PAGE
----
Sublet is a mobile app that helps university students find and post sublets for short-term housing. It is strictly accessible by students with an .edu email. College students are the target audience because this age group is prone to traveling for internships, college, and etc. which require short-term stays.
This concept was inspired by my sublet-hunting experience when I interned in Boston. I experienced many frustrations that included not knowing where to seek for housing, not knowing if a list price included utilities/deposit, finding a place that was furnished with laundry, and finding roommates that were my age. Sublet solves all of those problems.
My goal was to evaluate desirability to determine if users find Sublet useful. In particular, I wanted to understand if my design captures the key factors that sublet-hunters and seekers tend to prioritize in their search.
Though Sublet was mainly inspired by my personal sublet-hunting experience, I talked to a 3 college students and discovered that their primary pain point in posting or seeking sublet options is the lack of platform that exists to support a comprehensive, organized method to keep track of sublet posts, connect with hosts, and view cost details.
Taking these learnings and personal experiences into consideration, the main features of Sublet include: filtration (price, semester/quarter school, neighborhood, etc.), a request form, inbox, cost breakdown, host information, and secure payment options.
To carry out these ideas, I created site maps, sketches, wireframes, and hi-fi interactive prototypes with two usability test sessions (one after wireframes and one after the interactive prototype).
To determine the usefulness of Sublet, I conducted two usability test sessions; once after creating the wireframes and a second time after creating the hi-fi interactive prototypes. There were 3 participants in the first testing session and 8 in the second session. I applied feedback from the first testing session to the first hi-fi iteration and feedback from the second testing session to my final hi-fi iteration which can be viewed in the video above.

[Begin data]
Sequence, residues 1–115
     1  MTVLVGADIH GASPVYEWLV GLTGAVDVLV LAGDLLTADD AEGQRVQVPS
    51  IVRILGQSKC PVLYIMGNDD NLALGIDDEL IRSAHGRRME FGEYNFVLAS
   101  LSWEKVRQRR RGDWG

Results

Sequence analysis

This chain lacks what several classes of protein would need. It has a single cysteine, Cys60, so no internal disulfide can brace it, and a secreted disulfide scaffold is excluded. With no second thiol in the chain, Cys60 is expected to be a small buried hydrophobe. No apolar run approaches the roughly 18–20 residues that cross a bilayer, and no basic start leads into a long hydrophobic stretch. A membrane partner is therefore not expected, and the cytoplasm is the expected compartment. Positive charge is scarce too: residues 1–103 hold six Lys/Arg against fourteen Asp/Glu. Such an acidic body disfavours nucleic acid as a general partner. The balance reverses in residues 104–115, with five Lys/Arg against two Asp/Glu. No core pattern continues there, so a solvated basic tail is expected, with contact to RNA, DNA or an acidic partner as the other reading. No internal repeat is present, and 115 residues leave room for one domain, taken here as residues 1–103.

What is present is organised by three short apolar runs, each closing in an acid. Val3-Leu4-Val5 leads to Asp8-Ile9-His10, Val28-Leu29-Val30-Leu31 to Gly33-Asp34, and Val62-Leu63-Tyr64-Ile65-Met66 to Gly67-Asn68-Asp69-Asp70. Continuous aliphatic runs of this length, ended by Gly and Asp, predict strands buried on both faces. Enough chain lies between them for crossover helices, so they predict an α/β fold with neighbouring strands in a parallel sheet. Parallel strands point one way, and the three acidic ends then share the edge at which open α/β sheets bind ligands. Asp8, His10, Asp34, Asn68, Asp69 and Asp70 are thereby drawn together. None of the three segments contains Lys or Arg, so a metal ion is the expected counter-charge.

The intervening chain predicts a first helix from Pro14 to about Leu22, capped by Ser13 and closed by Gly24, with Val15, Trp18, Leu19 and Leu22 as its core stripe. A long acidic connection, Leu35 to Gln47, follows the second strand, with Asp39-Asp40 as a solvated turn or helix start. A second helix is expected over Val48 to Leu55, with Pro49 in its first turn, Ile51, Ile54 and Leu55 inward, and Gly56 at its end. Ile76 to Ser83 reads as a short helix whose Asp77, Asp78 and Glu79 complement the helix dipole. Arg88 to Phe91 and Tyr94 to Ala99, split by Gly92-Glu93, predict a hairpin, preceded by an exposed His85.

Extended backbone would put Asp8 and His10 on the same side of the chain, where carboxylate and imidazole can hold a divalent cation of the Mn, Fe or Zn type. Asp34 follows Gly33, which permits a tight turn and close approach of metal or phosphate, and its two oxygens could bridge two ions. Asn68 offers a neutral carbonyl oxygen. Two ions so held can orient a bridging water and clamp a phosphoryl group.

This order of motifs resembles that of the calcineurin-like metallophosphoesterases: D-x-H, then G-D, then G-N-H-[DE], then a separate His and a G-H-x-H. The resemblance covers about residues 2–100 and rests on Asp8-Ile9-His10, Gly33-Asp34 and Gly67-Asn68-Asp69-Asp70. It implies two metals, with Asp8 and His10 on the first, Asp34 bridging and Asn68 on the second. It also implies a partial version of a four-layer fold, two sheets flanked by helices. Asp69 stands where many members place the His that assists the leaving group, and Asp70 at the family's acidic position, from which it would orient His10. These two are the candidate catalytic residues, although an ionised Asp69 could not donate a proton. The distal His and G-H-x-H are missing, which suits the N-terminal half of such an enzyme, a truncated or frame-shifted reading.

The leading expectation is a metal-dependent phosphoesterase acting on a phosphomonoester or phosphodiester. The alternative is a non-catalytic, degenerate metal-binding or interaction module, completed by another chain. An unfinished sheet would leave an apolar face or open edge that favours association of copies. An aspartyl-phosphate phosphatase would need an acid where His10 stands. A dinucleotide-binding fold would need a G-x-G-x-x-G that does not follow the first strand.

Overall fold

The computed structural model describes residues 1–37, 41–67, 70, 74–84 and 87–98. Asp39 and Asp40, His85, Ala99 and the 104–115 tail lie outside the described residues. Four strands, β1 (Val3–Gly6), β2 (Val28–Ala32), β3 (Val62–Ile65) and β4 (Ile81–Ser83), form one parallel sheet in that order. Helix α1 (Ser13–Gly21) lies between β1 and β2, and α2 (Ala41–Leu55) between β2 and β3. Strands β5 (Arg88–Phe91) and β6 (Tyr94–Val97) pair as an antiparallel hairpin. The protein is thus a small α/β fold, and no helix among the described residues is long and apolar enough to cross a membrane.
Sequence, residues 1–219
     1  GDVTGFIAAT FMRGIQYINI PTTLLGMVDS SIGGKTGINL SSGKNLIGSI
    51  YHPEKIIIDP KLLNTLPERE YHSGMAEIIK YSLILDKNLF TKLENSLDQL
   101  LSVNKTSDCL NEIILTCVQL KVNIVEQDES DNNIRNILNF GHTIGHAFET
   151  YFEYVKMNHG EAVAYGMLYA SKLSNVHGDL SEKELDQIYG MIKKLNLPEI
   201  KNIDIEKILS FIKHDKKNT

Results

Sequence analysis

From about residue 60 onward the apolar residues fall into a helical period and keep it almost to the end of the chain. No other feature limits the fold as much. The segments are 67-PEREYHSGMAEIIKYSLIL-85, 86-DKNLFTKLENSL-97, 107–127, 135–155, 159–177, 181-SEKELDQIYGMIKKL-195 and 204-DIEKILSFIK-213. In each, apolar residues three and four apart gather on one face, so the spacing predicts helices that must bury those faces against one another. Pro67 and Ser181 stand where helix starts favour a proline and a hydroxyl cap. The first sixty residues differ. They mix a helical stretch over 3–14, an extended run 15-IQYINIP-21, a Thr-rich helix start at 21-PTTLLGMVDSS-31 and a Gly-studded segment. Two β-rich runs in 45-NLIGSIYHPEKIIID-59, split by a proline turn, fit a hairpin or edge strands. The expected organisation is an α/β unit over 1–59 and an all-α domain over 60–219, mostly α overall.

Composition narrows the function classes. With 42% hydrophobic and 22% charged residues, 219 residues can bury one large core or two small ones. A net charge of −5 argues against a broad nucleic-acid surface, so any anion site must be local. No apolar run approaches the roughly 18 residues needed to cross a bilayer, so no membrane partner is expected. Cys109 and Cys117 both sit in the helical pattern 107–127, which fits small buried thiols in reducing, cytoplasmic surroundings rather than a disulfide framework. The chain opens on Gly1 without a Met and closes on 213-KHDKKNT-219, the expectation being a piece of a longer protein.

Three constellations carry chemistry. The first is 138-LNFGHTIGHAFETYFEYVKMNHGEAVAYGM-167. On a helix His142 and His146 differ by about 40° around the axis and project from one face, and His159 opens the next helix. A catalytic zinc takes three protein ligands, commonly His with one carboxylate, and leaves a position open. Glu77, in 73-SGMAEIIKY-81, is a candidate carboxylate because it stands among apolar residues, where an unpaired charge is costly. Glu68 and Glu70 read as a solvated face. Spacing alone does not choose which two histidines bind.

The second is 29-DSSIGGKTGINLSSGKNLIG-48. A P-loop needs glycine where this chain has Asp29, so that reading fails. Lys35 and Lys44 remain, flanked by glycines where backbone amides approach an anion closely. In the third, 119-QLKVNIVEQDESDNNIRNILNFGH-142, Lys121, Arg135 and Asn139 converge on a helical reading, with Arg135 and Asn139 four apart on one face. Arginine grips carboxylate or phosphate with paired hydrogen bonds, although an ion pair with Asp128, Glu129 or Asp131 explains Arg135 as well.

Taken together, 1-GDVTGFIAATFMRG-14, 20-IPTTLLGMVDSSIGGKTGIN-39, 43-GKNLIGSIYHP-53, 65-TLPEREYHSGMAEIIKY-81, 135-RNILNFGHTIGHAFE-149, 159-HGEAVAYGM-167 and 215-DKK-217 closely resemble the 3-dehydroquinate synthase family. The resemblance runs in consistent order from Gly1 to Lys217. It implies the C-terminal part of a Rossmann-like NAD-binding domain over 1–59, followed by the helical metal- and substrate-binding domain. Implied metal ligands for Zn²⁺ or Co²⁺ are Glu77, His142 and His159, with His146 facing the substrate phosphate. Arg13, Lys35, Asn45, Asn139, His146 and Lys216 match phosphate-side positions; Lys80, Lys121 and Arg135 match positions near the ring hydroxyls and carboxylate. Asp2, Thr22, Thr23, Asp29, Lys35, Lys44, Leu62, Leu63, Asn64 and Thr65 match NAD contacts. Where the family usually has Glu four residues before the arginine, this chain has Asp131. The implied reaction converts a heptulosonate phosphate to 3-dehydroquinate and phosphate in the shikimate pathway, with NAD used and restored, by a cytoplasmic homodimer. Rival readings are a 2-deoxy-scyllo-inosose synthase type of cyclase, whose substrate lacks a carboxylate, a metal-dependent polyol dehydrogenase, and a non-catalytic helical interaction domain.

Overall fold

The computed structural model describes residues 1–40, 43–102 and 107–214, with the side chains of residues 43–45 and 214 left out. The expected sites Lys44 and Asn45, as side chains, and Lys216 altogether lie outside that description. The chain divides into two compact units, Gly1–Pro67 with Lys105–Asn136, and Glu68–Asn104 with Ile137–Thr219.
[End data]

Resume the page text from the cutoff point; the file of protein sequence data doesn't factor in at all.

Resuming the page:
Overall, findings from both usability test sessions greatly supported the usefulness of Sublet. Detailed findings from each test session is outlined below.
USABILITY TESTING SESSION 1
User Testing using printed copies of the wireframes and a cardboard model of an iPhone.
Feedback from 3 participants:
USABILITY TESTING SESSION 2
User testing after first iteration of the interactive, hi-fidelity prototype on a mobile device.
Feedback from 8 participants:
Based on feedback from the usability test sessions, I found that my concept is useful and my designs were effective in conveying my ideas. Many participants commented that my hi-fi prototype felt "beautiful," "clean," "sleek," "useful," which not only prove the aesthetics of the app, but also the usefulness which was my design goal.
WHAT WORKED WELL
Overall, my concept was really appealing to participants and my choice of color, images, and typography in the hi-fi prototype maximized the aesthetics of the app. Many participants appreciated how thoughtful I was in creating an app that was inspired by my personal experiences and commented that I was very intentional in coming up with features that were practical and necessary. One of my participants even commented, "I bet you can make a lot of money if this app became a real thing. You should consider pitching the idea somewhere."
Given more time, I would have conducted more user research via surveys to get a better understanding of what my target users want/need in Sublet. I would've also liked to design concepts for the host experience rather than just the seeker experience. Lastly, I would experiment using a different tool to create my hi-fi prototype because I encountered several glitches while using Proto.io, particularly in clicking on hotspots on a computer.